Kaluga is a Russian city located 150 kilometers southwest of Moscow. For close to 100 years, the communists did not allow Jews to come and daven there. Thus, this magnificent edifice lay hollow and dormant for all this time—silent witness to a decaying Jewish life all around it.
Until last week, when a growing Jewish community inaugurated this historical shul. It will now once again serve as a home for Torah and tefillah for the Jews of Kaluga.
The growth has been slow but steady; as the neshamos of these Jews have been reawakened through the monumental efforts of caring Jews.
A festive chanukas habayis saw the attendance of the Rabbi Berel Lazar, Chief Rabbi of Russia, who affixed a mezuzah at the main entrance to the shul, hundreds of members of the Jewish community, Rabbi Mendel Zaklos, regional Rav who has overseen this great growth—including the restoration of the shul—and representatives of international Jewish organizations.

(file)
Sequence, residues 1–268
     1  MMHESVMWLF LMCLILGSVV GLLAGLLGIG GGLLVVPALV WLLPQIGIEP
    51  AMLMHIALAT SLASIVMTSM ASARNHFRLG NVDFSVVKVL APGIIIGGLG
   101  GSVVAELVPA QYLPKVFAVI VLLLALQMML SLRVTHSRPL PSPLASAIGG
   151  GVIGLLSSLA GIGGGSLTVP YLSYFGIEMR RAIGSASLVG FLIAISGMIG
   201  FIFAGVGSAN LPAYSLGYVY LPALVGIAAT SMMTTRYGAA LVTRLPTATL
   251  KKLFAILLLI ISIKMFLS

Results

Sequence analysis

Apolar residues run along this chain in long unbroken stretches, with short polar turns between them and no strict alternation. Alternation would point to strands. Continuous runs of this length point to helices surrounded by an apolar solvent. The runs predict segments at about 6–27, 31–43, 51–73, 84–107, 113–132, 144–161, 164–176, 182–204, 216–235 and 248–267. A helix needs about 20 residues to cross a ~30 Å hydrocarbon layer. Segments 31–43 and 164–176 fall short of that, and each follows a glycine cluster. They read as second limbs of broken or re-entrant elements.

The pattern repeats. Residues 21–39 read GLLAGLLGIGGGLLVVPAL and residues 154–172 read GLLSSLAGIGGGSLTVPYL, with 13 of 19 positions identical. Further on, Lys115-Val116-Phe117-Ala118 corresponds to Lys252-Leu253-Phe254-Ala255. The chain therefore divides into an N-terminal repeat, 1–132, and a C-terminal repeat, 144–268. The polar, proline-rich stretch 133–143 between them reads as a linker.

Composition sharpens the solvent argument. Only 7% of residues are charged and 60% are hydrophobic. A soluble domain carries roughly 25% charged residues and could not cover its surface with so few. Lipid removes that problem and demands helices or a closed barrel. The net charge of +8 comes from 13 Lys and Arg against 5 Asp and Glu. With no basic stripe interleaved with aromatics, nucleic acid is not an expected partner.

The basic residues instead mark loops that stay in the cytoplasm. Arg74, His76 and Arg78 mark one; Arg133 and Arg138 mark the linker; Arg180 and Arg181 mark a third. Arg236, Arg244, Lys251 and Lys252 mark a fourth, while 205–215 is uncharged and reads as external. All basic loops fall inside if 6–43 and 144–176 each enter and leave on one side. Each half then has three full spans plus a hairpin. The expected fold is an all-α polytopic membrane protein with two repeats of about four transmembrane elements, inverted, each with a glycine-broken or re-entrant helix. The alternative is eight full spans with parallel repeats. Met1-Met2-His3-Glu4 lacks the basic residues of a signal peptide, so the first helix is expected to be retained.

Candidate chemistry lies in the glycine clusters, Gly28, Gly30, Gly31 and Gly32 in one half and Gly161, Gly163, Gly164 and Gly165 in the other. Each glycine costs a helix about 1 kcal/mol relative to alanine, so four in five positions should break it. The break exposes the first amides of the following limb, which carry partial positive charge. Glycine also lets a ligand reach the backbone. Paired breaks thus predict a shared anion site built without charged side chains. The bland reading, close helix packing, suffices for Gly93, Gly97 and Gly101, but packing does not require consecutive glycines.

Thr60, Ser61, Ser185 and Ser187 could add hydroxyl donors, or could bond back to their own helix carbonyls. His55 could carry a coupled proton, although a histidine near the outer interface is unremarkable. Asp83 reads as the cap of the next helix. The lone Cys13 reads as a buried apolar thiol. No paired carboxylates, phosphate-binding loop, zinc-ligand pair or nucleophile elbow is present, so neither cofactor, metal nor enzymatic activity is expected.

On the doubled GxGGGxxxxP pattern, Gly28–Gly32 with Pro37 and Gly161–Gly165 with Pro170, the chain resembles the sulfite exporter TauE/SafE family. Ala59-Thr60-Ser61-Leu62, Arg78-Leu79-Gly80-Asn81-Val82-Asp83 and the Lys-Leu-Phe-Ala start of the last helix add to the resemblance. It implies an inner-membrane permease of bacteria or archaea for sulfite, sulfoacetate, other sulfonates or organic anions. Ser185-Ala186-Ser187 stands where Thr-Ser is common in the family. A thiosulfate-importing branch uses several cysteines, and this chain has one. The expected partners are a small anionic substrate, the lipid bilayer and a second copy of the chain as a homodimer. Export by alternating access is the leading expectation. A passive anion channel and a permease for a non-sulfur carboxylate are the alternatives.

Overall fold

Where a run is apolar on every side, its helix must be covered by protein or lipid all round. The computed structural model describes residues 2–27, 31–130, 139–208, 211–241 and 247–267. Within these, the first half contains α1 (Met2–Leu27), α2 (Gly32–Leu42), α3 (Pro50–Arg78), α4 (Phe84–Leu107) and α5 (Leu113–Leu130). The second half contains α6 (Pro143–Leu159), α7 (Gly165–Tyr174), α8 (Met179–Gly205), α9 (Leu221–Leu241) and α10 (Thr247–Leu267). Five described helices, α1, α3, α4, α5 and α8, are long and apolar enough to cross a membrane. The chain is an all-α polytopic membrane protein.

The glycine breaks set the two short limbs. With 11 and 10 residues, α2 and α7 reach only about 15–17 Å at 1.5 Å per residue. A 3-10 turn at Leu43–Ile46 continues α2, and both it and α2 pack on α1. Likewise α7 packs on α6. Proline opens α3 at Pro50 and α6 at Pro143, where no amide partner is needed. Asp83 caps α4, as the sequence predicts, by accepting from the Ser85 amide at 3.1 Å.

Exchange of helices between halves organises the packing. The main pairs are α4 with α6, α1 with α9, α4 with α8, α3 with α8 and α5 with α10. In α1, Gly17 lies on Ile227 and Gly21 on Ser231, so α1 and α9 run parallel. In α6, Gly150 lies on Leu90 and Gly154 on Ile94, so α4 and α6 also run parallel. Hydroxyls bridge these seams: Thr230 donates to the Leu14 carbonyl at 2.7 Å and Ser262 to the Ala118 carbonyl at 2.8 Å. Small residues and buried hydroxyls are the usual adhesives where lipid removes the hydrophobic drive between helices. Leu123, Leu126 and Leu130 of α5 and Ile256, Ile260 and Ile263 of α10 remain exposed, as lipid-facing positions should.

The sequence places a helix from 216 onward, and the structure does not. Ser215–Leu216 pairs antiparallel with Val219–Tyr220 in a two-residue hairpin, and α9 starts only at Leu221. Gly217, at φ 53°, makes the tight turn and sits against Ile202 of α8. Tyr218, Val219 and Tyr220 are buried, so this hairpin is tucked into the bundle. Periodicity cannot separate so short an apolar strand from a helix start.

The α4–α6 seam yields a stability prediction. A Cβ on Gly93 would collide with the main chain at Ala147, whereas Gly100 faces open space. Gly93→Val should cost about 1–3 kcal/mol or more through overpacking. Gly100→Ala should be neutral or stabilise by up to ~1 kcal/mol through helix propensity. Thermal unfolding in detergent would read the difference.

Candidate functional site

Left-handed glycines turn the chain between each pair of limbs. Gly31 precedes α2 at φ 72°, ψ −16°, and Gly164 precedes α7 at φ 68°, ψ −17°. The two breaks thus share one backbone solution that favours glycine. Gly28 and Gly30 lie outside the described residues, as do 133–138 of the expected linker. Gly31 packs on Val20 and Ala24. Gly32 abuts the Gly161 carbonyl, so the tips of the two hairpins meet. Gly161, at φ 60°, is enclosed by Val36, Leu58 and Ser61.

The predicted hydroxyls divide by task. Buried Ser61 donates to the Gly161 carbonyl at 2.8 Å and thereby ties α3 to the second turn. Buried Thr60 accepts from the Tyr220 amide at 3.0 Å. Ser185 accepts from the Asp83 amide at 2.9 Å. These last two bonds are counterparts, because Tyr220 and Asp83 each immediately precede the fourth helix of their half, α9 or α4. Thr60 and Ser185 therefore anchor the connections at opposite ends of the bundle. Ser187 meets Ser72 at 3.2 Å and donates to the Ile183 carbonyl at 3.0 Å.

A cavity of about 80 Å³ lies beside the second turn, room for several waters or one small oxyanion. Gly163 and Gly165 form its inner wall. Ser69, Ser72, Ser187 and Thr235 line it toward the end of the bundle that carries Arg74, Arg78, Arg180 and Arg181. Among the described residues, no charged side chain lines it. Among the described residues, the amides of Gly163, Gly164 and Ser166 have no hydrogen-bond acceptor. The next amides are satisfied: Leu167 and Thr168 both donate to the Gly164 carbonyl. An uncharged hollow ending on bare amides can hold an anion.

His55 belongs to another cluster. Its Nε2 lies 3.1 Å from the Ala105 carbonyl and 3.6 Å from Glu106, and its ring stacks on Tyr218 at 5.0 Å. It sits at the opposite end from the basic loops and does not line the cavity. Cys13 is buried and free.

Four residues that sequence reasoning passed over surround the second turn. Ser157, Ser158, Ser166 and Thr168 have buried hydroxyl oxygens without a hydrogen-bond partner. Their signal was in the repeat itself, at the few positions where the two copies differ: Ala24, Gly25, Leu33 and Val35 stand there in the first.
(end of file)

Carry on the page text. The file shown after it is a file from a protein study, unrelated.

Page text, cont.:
The Chief Rabbi notes that this year is Hakhel, one in which Jews gather to reaffirm their belief in Hashem. It is no coincidence that this special gathering takes place at this time.
Rabbi Lazar gave a tour of the sprawling center to Anatoly Aratomov, mayor of Kaluga. It encompasses a large, cavernous shul, a library, a soon-to-be-completed mikveh, lecture rooms, and chessed offices—to serve the thousands of Jews living in the area.
The mayor who welcomed this growth pledged his assistance as this community goes on to greater growth.
It was a great day for this area which is seeing Jewish life thrive once again.